School of Education

Centre for Studies in Science and Mathematics Education

CSSME Seminar Series

It Was ‘Chemistry for Girls’!

Date: 5 April 2017, 13:00-14:00

Marlene Rayner-Canham and Professor Geoff Rayner-Canham, Memorial University of  Newfoundland

Marelene Rayner-Canham and Geoff Rayner-Canham have long been active researchers in the field of the history of women in science.  Apart from many academic papers on different topics, they have co-authored the books: Harriet Brooks – Pioneer Nuclear Scientist; A Devotion to Their Science: Pioneer Women of Radioactivity; Women in Chemistry: Their Changing Roles from Alchemical Times to the Mid-Twentieth Century; Chemistry was Their Life: Pioneering British Women Chemists, 1880-1949; and now A Passion for Chemistry: Chemistry at British Independent Girls’ Schools, 1820s-1930s.

New Book: Marelene Rayner-Canham and Geoff Rayner-Canham have just had their latest publication: a book on chemistry at British Independent Girls’ Schools, 1820s-1930s.  Here is the link to the Amazon site and the shipping is actually a few days:


It was a ‘known fact’ that little chemistry was taught in British girls’ schools until the 1950s.  The Rayner-Canhams’ research has completely overturned this view.  Chemistry was taught to girls as early as the 1820s.  In the Victorian era, while the boys were taught Latin and Greek, the progressive independent girls’ schools embraced chemistry.  The girls were enthusiastic about the subject: they revelled in the lab work (including periodic explosions and fires); they went on ‘thrilling’ (hazardous) expeditions to industrial chemical plants; and they wrote short stories and poetic verse about their chemistry experiences. In this overview of their research, the Rayner-Canhams will describe how they stumbled across this forgotten era of ‘chemistry for girls’, summarise some of the reasons why it happened, and suggest why it came to an end.

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Genetic Determinism in the Genetics Curriculum: An Experimental Test of the Effects of Mendelian and Weldonian

Date: 22 March 2017, 13:00-14:00

Professor Gregory Radick, Professor of History and Philosophy of Science, School of Philosophy, Religion and History of Science, University of Leeds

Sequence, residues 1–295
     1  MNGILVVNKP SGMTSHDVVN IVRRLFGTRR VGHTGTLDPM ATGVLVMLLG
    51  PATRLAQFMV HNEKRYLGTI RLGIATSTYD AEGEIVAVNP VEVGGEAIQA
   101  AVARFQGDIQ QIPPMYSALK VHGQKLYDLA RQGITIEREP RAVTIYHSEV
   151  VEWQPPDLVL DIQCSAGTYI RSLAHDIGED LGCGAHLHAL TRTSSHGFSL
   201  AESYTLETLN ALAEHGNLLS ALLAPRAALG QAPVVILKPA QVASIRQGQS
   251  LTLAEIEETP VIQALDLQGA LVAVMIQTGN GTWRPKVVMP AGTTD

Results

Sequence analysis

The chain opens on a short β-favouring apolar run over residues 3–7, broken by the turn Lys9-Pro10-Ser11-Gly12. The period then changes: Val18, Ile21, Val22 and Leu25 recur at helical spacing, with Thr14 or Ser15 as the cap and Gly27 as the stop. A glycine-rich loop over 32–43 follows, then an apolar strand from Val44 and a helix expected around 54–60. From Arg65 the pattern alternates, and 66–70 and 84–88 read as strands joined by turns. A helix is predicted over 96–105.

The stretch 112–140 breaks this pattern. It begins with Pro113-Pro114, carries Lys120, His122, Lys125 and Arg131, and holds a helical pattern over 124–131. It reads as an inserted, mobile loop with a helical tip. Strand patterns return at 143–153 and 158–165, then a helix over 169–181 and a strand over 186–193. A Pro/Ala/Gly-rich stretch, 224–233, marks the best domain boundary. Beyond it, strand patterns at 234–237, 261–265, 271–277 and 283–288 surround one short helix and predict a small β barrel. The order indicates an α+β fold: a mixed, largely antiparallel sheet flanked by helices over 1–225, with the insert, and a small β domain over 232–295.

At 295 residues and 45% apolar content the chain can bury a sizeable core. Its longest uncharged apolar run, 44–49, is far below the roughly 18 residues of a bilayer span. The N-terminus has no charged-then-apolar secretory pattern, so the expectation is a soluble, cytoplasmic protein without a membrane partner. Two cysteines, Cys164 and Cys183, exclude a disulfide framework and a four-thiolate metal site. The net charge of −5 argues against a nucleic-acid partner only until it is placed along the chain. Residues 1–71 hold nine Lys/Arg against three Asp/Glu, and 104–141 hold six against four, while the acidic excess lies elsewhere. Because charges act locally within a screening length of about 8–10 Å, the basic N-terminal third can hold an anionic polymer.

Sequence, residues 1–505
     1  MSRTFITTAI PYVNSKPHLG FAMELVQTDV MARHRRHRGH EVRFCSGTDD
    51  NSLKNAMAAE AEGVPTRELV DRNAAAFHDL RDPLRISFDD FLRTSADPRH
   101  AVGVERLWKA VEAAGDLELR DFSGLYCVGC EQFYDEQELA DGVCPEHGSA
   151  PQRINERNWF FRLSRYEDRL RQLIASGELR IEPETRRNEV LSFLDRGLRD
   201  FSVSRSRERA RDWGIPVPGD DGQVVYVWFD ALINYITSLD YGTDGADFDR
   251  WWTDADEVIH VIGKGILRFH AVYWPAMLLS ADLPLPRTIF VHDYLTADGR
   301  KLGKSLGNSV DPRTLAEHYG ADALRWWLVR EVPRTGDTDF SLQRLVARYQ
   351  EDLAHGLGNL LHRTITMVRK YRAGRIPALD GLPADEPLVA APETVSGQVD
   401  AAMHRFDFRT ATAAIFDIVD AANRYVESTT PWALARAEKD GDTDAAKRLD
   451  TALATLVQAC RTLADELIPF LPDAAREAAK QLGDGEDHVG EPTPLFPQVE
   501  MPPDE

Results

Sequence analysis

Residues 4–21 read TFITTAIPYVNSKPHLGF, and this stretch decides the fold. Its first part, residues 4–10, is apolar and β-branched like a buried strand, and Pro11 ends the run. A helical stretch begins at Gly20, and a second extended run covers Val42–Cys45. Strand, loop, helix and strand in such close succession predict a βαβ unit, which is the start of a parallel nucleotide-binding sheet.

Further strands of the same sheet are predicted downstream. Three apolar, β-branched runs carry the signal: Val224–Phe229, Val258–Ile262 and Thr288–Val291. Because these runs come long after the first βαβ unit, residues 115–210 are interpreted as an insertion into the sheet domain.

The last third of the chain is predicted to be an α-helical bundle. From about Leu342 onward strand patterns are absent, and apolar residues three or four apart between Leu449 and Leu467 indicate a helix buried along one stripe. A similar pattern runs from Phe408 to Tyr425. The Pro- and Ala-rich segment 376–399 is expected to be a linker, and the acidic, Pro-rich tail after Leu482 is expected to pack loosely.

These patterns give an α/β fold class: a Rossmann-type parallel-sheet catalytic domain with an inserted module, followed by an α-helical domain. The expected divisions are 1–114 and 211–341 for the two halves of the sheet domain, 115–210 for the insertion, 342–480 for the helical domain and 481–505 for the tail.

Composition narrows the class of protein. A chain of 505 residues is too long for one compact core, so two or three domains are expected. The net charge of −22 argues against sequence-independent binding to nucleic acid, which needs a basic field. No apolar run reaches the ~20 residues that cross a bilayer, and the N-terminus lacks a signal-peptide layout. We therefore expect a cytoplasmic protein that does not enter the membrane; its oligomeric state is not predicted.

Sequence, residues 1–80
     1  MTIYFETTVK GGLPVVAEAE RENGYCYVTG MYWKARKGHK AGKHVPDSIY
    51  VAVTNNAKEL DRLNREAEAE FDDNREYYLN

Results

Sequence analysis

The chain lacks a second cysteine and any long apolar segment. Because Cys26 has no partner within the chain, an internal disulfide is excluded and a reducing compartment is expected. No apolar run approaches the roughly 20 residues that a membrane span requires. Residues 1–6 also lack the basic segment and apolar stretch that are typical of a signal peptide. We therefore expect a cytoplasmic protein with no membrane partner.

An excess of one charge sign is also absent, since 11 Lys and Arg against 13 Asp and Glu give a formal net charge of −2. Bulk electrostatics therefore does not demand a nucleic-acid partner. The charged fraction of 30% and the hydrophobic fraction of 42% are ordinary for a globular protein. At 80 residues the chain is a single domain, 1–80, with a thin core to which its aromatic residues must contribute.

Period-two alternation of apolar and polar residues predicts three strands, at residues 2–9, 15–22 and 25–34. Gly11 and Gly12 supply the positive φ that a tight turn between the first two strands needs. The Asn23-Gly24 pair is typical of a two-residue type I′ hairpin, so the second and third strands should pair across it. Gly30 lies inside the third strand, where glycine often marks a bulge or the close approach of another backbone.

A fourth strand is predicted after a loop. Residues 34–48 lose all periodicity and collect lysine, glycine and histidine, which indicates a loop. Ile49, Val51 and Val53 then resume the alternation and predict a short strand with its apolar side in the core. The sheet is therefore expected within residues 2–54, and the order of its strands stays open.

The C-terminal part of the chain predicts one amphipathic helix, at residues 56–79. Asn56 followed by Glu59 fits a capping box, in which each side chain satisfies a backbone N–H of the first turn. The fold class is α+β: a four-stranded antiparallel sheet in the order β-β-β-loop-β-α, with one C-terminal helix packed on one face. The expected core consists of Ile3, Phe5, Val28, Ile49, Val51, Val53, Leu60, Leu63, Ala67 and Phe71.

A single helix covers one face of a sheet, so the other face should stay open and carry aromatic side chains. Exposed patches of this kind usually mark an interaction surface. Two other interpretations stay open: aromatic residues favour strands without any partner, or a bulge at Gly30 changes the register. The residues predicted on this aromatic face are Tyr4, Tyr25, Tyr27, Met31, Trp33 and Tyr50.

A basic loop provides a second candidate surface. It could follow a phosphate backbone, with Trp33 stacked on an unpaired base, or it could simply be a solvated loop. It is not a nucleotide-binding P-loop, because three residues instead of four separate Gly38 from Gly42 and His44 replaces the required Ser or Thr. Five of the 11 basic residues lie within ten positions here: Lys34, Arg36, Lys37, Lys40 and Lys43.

Twenty-first century biology rejects genetic determinism, yet an exaggerated view of the power of genes in the making of bodies and minds remains a problem. What accounts for such tenacity?  This talk will report an experimental study suggesting that the common reliance on Mendelian examples and concepts at the start of teaching in basic genetics is an eliminable source of determinism.  Undergraduate students who attended a standard ‘Mendelian approach’ university course in introductory genetics on average showed no change in their determinism about genes.  By contrast, students who attended an alternative course which, inspired by the work of a critic of early Mendelism, W. F. R. Weldon (1860-1906), replaced an emphasis on Mendel’s peas with an emphasis on developmental contexts and their role in bringing about phenotypic variability, showed reduced levels of determinism.  Improvements in both the new Weldonian curriculum and the study design are in view for the future.

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‘Science capital’ and ‘identity’ as mediators of student engagement with mathematically demanding programmes at university

Date: 9 March 2017, 13:00-14:00

Dr Paul Hernandez-Martinez, Loughborough University


In this talk I will critically analyse the notion of ‘science capital’ as defined by Archer et al (2015) as part of their ASPIRES and Enterprise Science projects. These projects highlighted that access to science capital is perhaps more important than prior achievement in shaping students’ aspirations and their future trajectories in STEM. Drawing on data from the TransMaths project, I will argue that there is a need to re-conceptualise science capital so that the dialectic relationship between its exchange and use value is theorized more fully. Whilst some students may access science capital as a means to accumulate capital (e.g. qualifications) for its own sake (exchange value), others appear to recognize the ‘use value’ of science learning and knowledge and this produces different forms of engagement with science (and mathematics in particular). I will then argue that authoring oneself in the name of a STEM identity is crucial in mediating how one perceives science capital. Finally, I will argue that mathematics should be a central part of this framework since it significantly contributes to the exchange value of science as a form of capital but it also offers use value in scientific labour (e.g. in modelling scientific problems).